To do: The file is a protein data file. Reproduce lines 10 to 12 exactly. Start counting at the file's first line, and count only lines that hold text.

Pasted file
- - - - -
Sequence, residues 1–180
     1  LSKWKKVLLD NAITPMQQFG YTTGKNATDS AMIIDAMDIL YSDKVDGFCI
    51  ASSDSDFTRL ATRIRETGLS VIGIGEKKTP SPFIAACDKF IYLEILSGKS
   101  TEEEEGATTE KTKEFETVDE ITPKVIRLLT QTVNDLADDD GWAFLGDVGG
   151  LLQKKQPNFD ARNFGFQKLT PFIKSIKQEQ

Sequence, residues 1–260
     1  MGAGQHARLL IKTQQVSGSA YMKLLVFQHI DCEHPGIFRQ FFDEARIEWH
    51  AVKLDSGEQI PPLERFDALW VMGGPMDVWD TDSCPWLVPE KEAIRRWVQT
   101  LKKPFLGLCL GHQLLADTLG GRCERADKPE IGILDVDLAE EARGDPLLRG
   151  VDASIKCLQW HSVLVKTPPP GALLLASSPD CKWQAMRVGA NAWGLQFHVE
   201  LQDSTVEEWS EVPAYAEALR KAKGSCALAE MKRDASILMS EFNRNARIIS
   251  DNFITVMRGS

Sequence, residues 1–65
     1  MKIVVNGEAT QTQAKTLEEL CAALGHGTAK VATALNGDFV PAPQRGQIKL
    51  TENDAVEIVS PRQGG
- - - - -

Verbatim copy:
   151  VDASIKCLQW HSVLVKTPPP GALLLASSPD CKWQAMRVGA NAWGLQFHVE
   201  LQDSTVEEWS EVPAYAEALR KAKGSCALAE MKRDASILMS EFNRNARIIS
   251  DNFITVMRGS